I am a beginner, and I am looking for some advice regarding the use of Support Vector Regression (SVR) to model (or fit if you prefer) a trend. Before you suggest other methods, for a number of reasons I shall use SVR for such task.
I have a dataset with dependent variables Y and features X. Suppose for simplicity that both Y and X take real values from -1 to 1. When I plot Y vs X I get a non-trivial and definitely non-linear trend. I fit the dataset with the SVR scikit-learn regressor using a an 'rbf' kernel function
SVR(kernel = 'rbf').fit(X,Y). The result is not bad, but I was wondering how to improve it.
In particular, I notice that within the whole data set Y vs X there are some sub-trend. For example for the range X0<X<X1 the trend is linear, for X1<X<X2 is quadratic etc. where X0,X1,X2 are some values of X.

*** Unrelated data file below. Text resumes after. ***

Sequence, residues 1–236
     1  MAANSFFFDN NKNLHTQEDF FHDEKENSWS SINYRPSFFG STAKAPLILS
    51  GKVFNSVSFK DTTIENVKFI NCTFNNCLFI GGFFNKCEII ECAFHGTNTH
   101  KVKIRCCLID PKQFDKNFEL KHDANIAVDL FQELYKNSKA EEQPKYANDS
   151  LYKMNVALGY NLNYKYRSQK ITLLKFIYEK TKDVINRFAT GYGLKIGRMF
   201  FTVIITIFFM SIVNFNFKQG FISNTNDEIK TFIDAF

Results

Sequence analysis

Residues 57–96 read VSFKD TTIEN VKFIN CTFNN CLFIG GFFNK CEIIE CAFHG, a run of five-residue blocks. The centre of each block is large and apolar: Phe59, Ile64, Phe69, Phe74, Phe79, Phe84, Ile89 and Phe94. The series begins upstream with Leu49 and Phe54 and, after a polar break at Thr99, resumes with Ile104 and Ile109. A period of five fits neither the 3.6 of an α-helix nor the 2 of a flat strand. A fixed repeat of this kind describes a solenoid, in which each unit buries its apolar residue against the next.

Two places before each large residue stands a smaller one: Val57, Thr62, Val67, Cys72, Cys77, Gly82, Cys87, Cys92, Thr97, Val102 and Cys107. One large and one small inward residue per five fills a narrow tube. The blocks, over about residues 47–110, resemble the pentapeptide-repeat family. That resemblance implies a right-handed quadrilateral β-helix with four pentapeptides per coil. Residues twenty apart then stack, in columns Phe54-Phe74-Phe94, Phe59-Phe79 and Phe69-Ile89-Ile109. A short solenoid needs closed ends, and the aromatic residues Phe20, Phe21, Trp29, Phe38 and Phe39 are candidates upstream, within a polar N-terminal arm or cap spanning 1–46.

I was wondering if it is possible to define a different kernel for different range of X values, and then use a linear combination of those kernels to model the whole dataset. In other words something like this:
kernel1 = SVR(kernel = 'rbf').fit(X0_X1, Y0_Y1) kernel2 = SVR(kernel = 'rbf').fit(X1_X2, Y1_Y2) kernel_tot = SVR(kernel = a*kernel1 + b*kernel2 ).fit(X,Y)
where X0_X1 (X1_X2) represents the range of X values between X0 and X1 (X1 and X2), and Y0_Y1 (Y1_Y2) the correspondent Y values.
I expect that kernel1 will well fit the first subset of data (X0_X1), the kernel2 the second (X1_X2) and hopefully the new defined kernel,
a*kernel1 + b*kernel2, will fit the whole dataset with more accuracy than previously (i.e. by using one single rbf kernel for the whole dataset).
I hope the question is clear. I tried to upload images of such dataset to help the description but looks like it is not allowing me to.